As more federal agencies turn to cloud computing solutions to enhance their IT solutions, the government is expected to save billions in the next 12 months alone, a new study predicted.
According to a report by government IT network MeriTalk, federal CIOs and IT managers believe they will save as much as $14.4 billion in the first year of government-wide cloud deployments.
The study, which surveyed 167 federal IT professionals, cited cost reduction as the primary benefit of the cloud. In the survey, 64 percent of respondents indicated the cloud would help them reduce costs while simultaneously improving IT solutions.
In January, federal CIO Vivek Kundra issued a report stating that federal agencies are to consider cloud computing before on-premise solutions. This, he said, is part of a 25-point federal IT reform strategy aimed at reducing costs and improving efficiency within the government.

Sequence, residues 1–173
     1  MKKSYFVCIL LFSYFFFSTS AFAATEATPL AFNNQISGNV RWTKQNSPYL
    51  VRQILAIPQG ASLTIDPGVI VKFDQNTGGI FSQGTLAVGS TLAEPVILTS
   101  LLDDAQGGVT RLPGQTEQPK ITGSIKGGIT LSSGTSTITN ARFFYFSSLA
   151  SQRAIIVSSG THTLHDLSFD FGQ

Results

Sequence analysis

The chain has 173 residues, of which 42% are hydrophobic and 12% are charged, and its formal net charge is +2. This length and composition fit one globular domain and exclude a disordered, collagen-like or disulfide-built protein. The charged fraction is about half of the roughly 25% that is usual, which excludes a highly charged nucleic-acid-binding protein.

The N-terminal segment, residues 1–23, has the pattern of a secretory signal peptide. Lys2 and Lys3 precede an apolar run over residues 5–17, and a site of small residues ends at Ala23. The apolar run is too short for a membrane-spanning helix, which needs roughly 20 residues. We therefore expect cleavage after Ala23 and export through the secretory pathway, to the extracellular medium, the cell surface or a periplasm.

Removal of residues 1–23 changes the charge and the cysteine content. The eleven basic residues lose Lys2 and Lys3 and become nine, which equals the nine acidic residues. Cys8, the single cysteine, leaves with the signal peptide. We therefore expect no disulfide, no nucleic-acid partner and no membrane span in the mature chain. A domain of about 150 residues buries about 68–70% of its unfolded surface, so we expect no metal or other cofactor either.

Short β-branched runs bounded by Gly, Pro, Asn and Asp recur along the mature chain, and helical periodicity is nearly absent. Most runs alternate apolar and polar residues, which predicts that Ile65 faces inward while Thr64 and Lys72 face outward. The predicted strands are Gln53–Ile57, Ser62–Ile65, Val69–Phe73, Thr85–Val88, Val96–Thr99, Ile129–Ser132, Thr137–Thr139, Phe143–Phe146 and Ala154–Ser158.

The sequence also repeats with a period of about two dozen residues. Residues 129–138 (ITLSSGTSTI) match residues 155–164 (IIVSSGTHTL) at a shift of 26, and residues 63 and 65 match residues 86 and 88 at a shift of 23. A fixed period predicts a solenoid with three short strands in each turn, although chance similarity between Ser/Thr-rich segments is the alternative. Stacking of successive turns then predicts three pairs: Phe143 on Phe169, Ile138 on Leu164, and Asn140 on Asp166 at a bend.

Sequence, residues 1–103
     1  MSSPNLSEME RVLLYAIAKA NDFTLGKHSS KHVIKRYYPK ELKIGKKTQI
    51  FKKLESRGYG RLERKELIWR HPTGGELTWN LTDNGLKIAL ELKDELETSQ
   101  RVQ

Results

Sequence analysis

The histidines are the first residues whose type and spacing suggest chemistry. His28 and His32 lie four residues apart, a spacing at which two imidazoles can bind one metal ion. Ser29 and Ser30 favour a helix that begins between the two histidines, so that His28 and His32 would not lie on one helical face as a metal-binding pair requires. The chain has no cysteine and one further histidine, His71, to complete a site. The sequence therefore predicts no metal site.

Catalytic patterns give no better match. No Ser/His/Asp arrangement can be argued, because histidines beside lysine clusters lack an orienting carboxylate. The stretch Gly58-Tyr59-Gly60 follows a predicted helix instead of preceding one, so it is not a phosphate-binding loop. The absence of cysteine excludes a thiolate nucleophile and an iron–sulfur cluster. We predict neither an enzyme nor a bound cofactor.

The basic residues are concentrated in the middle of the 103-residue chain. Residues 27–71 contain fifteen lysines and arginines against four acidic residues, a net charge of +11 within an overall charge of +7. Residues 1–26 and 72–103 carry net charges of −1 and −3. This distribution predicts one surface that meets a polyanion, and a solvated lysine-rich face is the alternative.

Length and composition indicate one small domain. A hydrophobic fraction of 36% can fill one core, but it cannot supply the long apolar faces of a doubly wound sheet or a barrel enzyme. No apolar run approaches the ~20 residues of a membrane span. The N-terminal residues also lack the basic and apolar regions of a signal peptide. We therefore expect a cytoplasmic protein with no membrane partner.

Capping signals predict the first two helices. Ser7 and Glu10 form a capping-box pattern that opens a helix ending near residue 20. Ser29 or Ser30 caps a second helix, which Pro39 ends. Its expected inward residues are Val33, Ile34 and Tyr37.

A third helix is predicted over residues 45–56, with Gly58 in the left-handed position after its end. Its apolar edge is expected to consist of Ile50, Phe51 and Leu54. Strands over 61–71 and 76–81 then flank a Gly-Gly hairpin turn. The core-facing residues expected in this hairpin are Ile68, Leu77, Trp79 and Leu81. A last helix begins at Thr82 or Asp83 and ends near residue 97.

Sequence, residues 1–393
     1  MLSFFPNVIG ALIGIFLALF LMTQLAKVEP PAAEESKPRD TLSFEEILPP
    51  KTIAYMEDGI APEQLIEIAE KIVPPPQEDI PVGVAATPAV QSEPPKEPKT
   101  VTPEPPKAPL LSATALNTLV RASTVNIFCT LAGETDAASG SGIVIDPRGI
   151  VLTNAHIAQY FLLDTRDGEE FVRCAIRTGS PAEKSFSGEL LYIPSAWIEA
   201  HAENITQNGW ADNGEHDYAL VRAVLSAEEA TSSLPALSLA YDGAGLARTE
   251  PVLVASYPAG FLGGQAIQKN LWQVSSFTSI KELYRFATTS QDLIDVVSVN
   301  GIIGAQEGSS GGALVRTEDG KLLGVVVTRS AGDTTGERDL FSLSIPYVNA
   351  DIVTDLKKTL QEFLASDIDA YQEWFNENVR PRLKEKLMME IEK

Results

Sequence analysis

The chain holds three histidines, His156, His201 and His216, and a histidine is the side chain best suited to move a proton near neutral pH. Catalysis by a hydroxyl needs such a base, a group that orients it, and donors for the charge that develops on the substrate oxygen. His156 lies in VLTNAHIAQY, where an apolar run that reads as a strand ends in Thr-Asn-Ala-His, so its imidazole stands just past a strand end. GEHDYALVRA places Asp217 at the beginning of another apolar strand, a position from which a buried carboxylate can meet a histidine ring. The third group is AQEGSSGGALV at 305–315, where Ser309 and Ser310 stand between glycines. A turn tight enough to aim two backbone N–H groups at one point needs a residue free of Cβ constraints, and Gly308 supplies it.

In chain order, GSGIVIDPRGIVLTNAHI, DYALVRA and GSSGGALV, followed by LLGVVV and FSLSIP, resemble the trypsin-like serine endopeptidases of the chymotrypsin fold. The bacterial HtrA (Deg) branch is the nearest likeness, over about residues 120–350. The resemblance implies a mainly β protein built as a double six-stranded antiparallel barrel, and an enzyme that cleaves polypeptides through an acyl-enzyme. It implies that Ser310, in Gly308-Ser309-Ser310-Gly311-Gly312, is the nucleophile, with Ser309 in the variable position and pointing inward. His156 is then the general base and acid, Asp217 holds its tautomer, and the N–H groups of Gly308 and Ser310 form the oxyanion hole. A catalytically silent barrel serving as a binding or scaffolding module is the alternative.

However, despite this “cloud first” mandate, cloud adoption among federal agencies is still relatively low. According to a separate study by CTOlabs.com, 67 percent of federal agencies are still relying on legacy technology, such as backup tapes, to store their information. This, along with other legacy solutions, costs agencies $35.7 billion a year to support, MeriTalk noted.
On the other hand, cloud adoption is beginning to pick up. MeriTalk found 52 percent of federal CIOs plan to deploy at least one cloud service within the next 12 months, while 48 percent plan to use two services within 18 months.
Of the cloud solutions expected to be adopted, email ranked highest with 42 percent of IT managers considering making the move. Administrative applications and collaboration solutions ranked second, each with 27 percent.
And though some agencies have been slow to deploy cloud solutions, many have already saved millions using the technology. Speaking for a Senate subcommittee last week, Kundra noted that the General Services Administration and the Department of Agriculture have saved $40 million by moving email services to the cloud, InformationWeek reports.